MIAMI -- Right-hander Brandon Maurer will start Sunday's series finale at Marlins Park, Mariners manager Lloyd McClendon announced on Friday afternoon.
Maurer will fill in for James Paxton, who went on the disabled list April 9 with an oblique injury. His replacement, Blake Beavan, pitched four innings on Tuesday and then landed on the DL with a sore shoulder.
Top prospect Taijuan Walker could've made the start had he not developed shoulder issues as well. Walker was shut down during a rehab start on Tuesday with tightness. The only other pitcher at Triple-A Tacoma on the 40-man roster is Anthony Fernandez, who pitched on Wednesday.
Asked whether Maurer was getting the nod because there weren't any other options, McClendon didn't think so.
"I think he's probably deserving," McClendon said. "He was in consideration during Spring Training to make this club. I think he deserves the opportunity."
The 23-year-old went 5-8 with a 6.30 ERA in 22 games (14 starts) in 2013, his first season in the big leagues.
Maurer has posted a 0-0 record and a 2.16 ERA in four outings (one start) for Tacoma. He is rebuilding his arm strength after a back injury limited him during the spring. Maurer has pitched just 8 1/3 innings.
"I think he's on a pitch count," McClendon said. "I don't want to say what it is. I don't want the opposition to know what it is, but he's like anybody else. We need to watch what he does out here."
Iwakuma pleased after passing another test
MIAMI -- An ailing Mariners starting rotation got one step closer to regaining an All-Star on Friday afternoon.
Hisashi Iwakuma threw a simulated game of 35 pitches to live batters for the first time, and the right-hander included everything from his repertoire.
"I was going 100 percent, just like a game, and I had no pain," Iwakuma said through translator Antony Suzuki. "I was pain-free with my finger. Everything looks good so far."
Iwakuma, who missed all spring with a sprained tendon in his right middle finger, had previously thrown three bullpen sessions. The next step in his recovery will be another 'pen session on Sunday. If that goes well, he will likely pitch his first rehab-assignment game on Tuesday with Triple-A Tacoma.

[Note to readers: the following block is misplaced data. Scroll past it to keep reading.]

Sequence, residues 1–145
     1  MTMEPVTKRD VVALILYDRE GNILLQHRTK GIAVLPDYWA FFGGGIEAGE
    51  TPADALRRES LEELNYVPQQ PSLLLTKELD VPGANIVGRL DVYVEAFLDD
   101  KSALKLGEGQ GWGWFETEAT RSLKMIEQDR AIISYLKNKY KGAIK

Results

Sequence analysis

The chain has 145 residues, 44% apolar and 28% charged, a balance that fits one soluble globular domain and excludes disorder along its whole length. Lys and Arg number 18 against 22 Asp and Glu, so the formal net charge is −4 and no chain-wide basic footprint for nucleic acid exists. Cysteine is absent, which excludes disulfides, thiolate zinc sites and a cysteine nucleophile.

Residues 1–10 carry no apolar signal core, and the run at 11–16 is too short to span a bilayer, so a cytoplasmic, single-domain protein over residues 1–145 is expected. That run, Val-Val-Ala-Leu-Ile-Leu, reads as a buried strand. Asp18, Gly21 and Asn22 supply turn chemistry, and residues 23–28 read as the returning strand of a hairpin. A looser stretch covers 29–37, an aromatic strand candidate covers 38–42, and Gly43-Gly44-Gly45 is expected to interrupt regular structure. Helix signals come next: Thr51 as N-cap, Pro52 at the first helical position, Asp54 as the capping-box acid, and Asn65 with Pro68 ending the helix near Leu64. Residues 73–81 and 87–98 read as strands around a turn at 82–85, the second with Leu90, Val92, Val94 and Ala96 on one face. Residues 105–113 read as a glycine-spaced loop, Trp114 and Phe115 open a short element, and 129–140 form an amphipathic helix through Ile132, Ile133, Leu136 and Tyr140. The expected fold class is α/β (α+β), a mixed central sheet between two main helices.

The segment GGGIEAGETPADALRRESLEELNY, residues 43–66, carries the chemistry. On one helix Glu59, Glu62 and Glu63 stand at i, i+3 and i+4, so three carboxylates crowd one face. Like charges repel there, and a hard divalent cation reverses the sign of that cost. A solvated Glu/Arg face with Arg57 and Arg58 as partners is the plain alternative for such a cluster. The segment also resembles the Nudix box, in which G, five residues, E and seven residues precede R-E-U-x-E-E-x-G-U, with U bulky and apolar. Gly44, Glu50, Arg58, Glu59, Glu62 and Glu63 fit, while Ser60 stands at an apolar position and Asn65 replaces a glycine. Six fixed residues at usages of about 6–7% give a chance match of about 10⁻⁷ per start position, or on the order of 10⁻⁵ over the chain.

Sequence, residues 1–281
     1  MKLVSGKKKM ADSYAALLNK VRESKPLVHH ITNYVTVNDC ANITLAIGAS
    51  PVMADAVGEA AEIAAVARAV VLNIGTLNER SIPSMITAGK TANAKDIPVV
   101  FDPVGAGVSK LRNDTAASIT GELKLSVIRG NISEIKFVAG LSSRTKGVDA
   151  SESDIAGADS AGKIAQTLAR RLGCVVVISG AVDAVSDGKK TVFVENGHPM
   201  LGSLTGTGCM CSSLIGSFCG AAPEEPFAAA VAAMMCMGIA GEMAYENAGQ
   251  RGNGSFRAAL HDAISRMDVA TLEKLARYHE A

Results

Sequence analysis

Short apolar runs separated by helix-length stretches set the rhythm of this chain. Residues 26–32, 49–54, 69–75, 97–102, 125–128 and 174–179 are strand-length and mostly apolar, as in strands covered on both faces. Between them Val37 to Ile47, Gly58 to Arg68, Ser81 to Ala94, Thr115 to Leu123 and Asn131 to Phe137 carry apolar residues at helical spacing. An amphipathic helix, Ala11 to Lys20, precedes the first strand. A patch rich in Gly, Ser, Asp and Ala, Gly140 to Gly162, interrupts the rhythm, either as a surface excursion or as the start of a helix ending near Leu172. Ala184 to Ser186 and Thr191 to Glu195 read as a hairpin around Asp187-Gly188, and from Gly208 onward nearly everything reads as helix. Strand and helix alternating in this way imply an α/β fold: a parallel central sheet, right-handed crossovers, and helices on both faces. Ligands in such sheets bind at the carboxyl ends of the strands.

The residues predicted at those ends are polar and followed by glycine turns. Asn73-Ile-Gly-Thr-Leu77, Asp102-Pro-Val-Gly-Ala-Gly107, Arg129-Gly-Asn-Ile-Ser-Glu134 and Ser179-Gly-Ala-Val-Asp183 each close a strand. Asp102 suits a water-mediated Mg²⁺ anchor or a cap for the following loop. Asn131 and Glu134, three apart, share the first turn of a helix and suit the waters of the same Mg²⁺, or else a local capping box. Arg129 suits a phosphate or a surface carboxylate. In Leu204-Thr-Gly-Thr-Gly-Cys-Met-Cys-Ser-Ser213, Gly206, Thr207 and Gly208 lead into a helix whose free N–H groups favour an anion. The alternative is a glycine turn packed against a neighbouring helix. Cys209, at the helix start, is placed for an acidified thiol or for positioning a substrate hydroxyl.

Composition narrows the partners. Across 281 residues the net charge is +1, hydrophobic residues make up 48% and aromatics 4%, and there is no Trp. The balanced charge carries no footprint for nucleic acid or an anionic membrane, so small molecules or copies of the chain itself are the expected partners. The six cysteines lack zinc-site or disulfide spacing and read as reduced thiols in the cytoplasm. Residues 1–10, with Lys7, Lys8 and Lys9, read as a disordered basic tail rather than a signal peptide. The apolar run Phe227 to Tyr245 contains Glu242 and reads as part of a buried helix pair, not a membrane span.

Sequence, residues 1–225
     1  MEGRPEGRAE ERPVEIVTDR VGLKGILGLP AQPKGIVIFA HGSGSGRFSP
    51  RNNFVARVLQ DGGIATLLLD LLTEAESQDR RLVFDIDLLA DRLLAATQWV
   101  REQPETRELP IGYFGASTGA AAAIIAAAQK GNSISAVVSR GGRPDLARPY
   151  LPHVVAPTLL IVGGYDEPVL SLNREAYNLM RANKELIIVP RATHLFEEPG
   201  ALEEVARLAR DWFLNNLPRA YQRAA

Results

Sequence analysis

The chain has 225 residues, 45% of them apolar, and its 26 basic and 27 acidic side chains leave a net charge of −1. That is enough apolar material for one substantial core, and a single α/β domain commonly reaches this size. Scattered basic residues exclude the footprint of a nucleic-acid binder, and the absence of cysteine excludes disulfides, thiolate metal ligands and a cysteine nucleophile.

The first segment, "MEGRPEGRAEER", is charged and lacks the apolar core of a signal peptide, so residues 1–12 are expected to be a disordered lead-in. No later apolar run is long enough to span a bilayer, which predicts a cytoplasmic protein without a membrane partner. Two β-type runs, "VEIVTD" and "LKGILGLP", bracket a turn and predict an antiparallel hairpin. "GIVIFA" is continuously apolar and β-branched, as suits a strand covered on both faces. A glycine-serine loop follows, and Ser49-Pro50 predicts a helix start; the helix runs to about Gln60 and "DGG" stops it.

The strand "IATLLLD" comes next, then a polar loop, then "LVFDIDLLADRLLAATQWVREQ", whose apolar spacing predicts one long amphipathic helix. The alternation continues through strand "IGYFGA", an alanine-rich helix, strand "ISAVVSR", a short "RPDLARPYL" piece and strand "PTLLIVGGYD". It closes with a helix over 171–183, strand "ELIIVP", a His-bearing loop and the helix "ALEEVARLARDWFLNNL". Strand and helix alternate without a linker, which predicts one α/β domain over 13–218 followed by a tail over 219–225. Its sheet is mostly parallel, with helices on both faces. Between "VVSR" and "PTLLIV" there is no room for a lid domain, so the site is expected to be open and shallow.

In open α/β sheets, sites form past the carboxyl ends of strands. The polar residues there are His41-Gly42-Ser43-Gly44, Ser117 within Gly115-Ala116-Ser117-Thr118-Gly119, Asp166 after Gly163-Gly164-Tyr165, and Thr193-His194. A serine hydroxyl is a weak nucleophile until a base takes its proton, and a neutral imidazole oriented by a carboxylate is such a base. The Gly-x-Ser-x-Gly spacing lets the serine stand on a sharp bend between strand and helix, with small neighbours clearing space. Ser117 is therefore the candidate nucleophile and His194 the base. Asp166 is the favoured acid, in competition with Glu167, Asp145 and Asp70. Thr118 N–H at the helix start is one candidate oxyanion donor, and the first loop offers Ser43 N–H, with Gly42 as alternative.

The hope is Iwakuma will return to the big club after two or three rehab starts by early May. Mariners manager Lloyd McClendon expects Iwakuma to throw around 90 pitches upon his return because of his efficiency.
"We just want to see him continue to progress and stay healthy, and we'll figure it as we move forward," McClendon said. "The main thing is when he comes back, we have to make sure he's ready to compete at the Major League level with all his pitches. It could take 20 innings. It could take less than 20 innings. We'll see."
Pitching coach Rick Waits liked the extension he saw from Iwakuma, as well as how he was "finishing pitches. He passed all the tests for me."
"I think I'm at around 70 percent right now," Iwakuma said. "I still need to command my pitches and get that feel back. It's hard to say right now. I need to have my first rehab start and go from there. [Friday] was good. So that's another step. I have to go one step at a time. That's how I look at it."
After rare game in outfield, Hart starts at first
MIAMI -- Before the Mariners departed for their current two-city, seven-game road trip, Corey Hart packed his first-base and outfield gloves just in case.
That's because Seattle opened a three-game series on Friday night at Marlins Park -- a National League ballpark that negated the use of the designated hitter.
On Thursday against the Rangers, Hart started in the field for the first time this season. It marked his first appearance in the outfield since July 21, 2012, at Cincinnati. Two microfracture knee surgeries kept him out all of last season.
"I wasn't sure about fielding in an American League [game], but I figured here [in Miami]," Hart said. "It was good getting out there. I want to play the field more than not a lot of times. It's been baby steps. Keep me playing and not go backwards with my arms and legs. They've been really patient with me, and hopefully I can continue to progress health-wise so I can stay on the field more."
Mariners manager Lloyd McClendon penciled in Hart, who leads the club with four home runs, as the first baseman Friday. Over nine big league seasons, Hart has played 742 games in right field and 105 at first.
This spring, Hart worked in the outfield and told McClendon he was ready to give it a go after starting as DH in 10 of Seattle's first 14 games.
"It's a couple of things," McClendon said. "Obviously we keep him back in the lineup. I didn't want to put him back in the outfield back-to-back days. We also get a chance to give our first baseman [Justin Smoak] a day off because he hasn't missed a game. We want to make sure he stays strong as well. It's a combination of both things."
Hart hopes he can find his way into the starting lineup at least once more during the series.
"First is fine as long as I can get in there," Hart said. "It's a challenge for me. I like challenges."
Christina De Nicola is a contributor to MLB.com. This story was not subject to the approval of Major League Baseball or its clubs.